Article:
A new report from research firm Climate Analytics shows that current policy settings have Australia on a path to become the world’s largest dealer of fossil fuels, despite warnings that the global energy market is undergoing a fundamental shift away from coal and gas.
The report shows Australia on track to be responsible for up to 13% of global greenhouse gas emissions by 2030, as Australia ramps up its exports of coal and gas, while other countries shift away from the polluting fuels.
Australia currently produces 1.4% of global greenhouse gas emissions domestically, but the analysis shows that Australia is responsible for an even higher proportion of global emissions due to Australia’s leading position as an exporter of fossil fuels.
Australia is the world’s largest exporter of coal and is on track to also take the crown as the world’s largest exporter of natural gas, and that makes it the biggest “dealer” in fossil fuel emissions. And on a per capita basis, its emissions – including these exports – beat China by a factor of nine.
The report found that 2.9% of global emissions are attributable to coal exported from Australia, and an addition 0.9% of global emissions being produced by Australian gas exports. When combined with Australia’s domestic emissions, Australian sourced fossil fuels account for around 5 per cent of global emissions.
Australia supplies almost one-third of the global export market for coal, and controls around one-fifth of the total worldwide LNG capacity. The Climate Analytics forecast shows Australia defying international commitments to reduce greenhouse gas emissions, as the world takes on the challenge of avoiding the worse impacts of global warming, to which Australia is particularly vulnerable.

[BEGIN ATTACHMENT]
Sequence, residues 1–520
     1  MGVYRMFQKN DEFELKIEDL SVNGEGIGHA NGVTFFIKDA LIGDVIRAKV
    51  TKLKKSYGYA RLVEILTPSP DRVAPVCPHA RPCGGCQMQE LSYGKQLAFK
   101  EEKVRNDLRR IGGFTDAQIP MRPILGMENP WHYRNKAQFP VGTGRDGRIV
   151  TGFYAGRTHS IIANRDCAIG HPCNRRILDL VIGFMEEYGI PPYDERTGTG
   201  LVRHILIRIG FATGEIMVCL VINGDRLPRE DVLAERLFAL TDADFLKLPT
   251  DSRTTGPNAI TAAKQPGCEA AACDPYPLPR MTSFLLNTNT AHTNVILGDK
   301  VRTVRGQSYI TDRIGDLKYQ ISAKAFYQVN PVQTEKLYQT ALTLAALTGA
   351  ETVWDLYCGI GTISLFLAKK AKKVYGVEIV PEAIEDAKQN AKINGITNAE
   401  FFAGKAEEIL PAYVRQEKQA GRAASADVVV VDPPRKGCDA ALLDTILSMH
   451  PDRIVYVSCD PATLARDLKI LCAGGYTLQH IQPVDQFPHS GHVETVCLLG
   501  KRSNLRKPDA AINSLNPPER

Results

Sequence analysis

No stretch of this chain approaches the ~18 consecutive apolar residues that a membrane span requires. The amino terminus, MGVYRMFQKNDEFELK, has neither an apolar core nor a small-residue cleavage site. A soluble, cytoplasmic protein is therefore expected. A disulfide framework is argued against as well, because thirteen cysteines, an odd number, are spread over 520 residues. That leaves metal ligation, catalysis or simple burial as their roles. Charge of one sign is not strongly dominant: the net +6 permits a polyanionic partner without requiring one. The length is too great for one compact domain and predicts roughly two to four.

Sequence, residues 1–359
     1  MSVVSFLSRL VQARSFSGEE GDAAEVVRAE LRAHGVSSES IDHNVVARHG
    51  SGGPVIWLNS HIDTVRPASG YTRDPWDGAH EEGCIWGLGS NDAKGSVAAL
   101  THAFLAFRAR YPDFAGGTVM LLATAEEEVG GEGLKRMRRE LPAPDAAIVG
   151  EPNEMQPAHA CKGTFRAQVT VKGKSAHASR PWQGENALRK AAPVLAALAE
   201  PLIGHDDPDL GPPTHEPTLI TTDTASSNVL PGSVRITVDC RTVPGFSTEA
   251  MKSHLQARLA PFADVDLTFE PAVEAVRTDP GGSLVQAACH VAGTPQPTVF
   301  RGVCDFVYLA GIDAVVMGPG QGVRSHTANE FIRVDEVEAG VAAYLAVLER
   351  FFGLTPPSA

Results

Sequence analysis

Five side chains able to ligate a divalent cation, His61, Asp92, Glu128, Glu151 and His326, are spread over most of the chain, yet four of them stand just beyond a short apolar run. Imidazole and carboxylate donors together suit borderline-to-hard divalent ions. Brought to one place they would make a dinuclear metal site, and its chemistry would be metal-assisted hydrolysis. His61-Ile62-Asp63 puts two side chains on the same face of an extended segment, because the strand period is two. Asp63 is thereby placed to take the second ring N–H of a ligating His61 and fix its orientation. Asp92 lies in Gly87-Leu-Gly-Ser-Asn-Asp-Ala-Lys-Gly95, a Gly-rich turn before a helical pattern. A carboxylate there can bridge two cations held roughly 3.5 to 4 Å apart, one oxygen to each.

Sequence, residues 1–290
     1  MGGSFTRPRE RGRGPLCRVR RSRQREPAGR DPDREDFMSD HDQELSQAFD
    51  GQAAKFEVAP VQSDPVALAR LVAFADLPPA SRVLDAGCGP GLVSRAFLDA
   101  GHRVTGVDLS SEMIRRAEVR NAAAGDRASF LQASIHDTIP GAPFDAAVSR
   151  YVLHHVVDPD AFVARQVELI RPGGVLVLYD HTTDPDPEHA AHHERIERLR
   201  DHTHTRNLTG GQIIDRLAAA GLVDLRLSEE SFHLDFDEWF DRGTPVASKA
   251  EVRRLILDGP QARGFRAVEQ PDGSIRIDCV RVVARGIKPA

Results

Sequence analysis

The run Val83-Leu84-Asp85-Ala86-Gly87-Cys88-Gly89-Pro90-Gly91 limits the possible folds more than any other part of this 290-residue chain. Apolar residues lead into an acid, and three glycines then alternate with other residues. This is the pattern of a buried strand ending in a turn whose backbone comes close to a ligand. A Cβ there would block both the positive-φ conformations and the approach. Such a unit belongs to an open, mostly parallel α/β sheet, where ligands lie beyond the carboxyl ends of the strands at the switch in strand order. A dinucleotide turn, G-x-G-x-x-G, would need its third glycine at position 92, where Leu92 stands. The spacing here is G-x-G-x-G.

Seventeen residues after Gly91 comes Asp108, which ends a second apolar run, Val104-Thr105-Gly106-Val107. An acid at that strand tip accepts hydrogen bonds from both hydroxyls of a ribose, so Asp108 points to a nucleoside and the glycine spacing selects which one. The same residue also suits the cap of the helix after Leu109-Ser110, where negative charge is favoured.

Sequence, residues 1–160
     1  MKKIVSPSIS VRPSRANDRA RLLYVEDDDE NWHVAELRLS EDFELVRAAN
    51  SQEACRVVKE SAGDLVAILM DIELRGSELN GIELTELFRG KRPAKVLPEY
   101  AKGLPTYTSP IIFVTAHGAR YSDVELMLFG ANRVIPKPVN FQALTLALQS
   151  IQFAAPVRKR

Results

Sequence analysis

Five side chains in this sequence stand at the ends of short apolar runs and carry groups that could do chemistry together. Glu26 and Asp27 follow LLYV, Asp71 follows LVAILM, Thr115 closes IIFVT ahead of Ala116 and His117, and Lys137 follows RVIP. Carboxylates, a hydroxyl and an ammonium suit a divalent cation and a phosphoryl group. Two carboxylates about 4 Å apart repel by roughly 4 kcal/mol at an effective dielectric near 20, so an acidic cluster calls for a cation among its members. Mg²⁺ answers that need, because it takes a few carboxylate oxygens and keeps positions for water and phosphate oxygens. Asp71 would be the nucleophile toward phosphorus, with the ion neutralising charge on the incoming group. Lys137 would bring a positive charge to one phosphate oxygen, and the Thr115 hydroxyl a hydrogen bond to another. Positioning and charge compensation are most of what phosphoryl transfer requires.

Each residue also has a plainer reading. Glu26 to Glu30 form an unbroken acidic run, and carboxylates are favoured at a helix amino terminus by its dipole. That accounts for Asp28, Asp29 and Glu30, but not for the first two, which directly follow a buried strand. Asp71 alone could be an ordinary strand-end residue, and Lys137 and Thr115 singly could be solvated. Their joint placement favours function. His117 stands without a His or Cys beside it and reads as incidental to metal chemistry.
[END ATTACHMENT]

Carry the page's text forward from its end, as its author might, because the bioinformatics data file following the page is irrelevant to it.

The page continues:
Australia’s contribution as a supplier of fossil fuels is expected to grow even higher, as Australia’s coal and gas exports grow, with Australia’s current policy settings seeing Australia attempting to push even more fossil fuels into a shrinking global market.
“The results of this analysis show if current government and industry projections for fossil fuel exports are realised, Australia could be responsible (including both domestic and exported emissions) for about 13% (between 11.9% – 17.4%) of Paris Agreement compatible global CO2 emissions in 2030. By far the largest growth would be coming from coal exports,” Climate Analytics said in its report.
The Climate Analytics report suggests that the Federal Government is taking a massive economic as well as environmental gamble, hoping that it can tap into a growing market for fossil fuels when market signals suggest the global energy market, and in particular, the energy market within the Asian region, is undergoing a fundamental transformation towards cleaner energy sources.
“This report confirms Australia is on track to become one of the world’s worst contributors to climate damage,” the Australian Conservation Foundation’s Gavan McFadzean said.
“Burning coal and gas is the number one cause of the climate crisis and Australia is now the number one exporter of both, with quantities projected to increase dramatically in coming years.”
The findings further undermine the claims made by the Federal energy and resources ministers, Angus Taylor and Matt Canavan respectively, that Australia’s energy exports were driving down global emissions.